Furthermore, a validity of 2 minutes is extremely short. Keep in mind that from the moment a user logs in, they have a grand total of 2 minutes to spend on your application before they get kicked out. As a comparison: Most banking websites use a timeout of 15 minutes. So unless you have a really good reason to give your users only 2 minutes on your application before they need to re-authenticate, you should give them more time.

Step 4.) Sending the JWT to the Frontend

As long as this is done via TLS it should be fine.

Step 5.) Token Storage

JWT Tokens should not be stored as JS variable, nor in the local storage, nor in the session storage. The reason for this is that these places are very accessible for attackers, who may leverage XSS attacks.

A better place would be a cookie with the HTTPOnly flag set. This disallows (malicious) JavaScript from accessing the token, but you can still use the token for XHR requests. So your legitimate logic should not be affected by it.

Step 6.) Token Verification and Regeneration

There are some problems with your logic here. First of all, tokens are not decrypted, because they were never encrypted in the first place. Tokens are validated. This may sound nitpicky, but when it comes to security, correct terminology is important.

A check for expiration time is perfectly reasonable, and a following redirect to re-authenticate is as well.

The issue is with token regeneration: This is a bad idea. A very bad idea. In practice, it seems reasonable enough: Use a fast expiration time and regenerate as needed, then the token will become invalid as soon as the user is done using the app, right?

The issue arises from when an attacker steals the token. Once stolen, an attacker can essentially keep the token indefinitely, or rather, indefinitely exchange one valid token for another. Even invalidating one token will do very little, because the token can be exchanged for many other tokens as well.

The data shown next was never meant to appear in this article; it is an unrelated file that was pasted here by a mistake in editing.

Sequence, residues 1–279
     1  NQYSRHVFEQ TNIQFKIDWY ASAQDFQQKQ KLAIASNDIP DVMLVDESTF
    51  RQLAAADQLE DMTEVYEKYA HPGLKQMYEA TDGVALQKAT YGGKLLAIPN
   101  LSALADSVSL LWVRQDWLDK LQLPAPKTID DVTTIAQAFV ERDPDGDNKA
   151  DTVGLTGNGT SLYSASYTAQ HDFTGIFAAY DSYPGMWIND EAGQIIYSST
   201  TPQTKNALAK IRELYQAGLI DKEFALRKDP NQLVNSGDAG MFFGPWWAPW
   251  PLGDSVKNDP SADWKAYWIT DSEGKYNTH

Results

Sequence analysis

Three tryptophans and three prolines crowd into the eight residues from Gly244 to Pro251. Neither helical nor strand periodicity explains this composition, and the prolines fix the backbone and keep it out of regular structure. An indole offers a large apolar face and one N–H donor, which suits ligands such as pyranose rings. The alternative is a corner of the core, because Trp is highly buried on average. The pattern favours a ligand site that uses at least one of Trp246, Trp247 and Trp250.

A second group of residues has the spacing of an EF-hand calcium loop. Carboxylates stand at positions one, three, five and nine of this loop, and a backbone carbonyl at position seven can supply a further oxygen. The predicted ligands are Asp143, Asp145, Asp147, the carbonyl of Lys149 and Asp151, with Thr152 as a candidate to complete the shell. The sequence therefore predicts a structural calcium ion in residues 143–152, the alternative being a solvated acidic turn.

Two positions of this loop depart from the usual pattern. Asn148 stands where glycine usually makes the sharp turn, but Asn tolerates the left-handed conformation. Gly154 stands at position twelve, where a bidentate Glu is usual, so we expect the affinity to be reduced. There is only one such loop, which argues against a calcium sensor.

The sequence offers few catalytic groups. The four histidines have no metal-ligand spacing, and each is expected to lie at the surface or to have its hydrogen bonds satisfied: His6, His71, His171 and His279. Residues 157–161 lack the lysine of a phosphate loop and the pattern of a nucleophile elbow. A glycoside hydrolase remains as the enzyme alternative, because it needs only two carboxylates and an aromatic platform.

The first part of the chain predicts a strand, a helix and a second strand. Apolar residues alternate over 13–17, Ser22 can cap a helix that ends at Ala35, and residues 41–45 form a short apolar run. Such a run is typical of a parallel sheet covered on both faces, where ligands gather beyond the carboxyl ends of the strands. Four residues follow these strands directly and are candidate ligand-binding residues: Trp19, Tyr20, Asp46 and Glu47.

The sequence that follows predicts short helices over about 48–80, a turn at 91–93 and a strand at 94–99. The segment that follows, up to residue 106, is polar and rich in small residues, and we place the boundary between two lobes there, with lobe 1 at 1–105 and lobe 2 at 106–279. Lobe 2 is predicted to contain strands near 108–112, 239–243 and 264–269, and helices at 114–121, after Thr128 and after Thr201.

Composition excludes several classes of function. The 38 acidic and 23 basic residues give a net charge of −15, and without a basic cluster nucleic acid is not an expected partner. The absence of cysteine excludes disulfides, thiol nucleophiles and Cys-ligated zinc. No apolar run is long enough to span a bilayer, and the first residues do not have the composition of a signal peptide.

In fact, if the token is regenerated every time you do something in the app, then you can use one token to generate infinitely many new tokens, and then use those tokens to generate even more. One an attacker has gained access to one token, they can never be stopped again.

This is obviously a bad thing, and can be prevented easily. Give your users two tokens: A refresh token and an access token. The access token should have a small, but still usable expiration window (between 15 and 120 minutes). The refresh token should have a longer validity. If you expect the user to remain authenticated, as is usual with most web applications (Stack Exchange, Twitter, etc...), then the refresh token may last several months to a year.

Essentially, the user would attempt to access a resource with the access token (if it is still valid). If the access token has expired, the long-lived refresh token can be used to get a new short-lived access token.

Why is this advantageous? First of all, access is still somewhat short-lived, so an attacker stealing an access token may only have a limited amount of time in the application. Secondly, a stolen access token cannot be used to persist access. Finally, a stolen refresh token can be invalidated by a user, thus limiting the damage an attacker can do. This is a good article regarding JWT blacklisting.

  • First of all, thank you for your answer and time. Secondly, I have a few questions, is it possible we chat somewhere ? A comment wouldn't give me enough freedom to format my text. Aug 25, 2021 at 14:30
  • Yes, I will create a chat room
    – user163495
    Aug 25, 2021 at 14:46
  • chat.stackexchange.com/rooms/128932/tmp
    – user163495
    Aug 25, 2021 at 14:48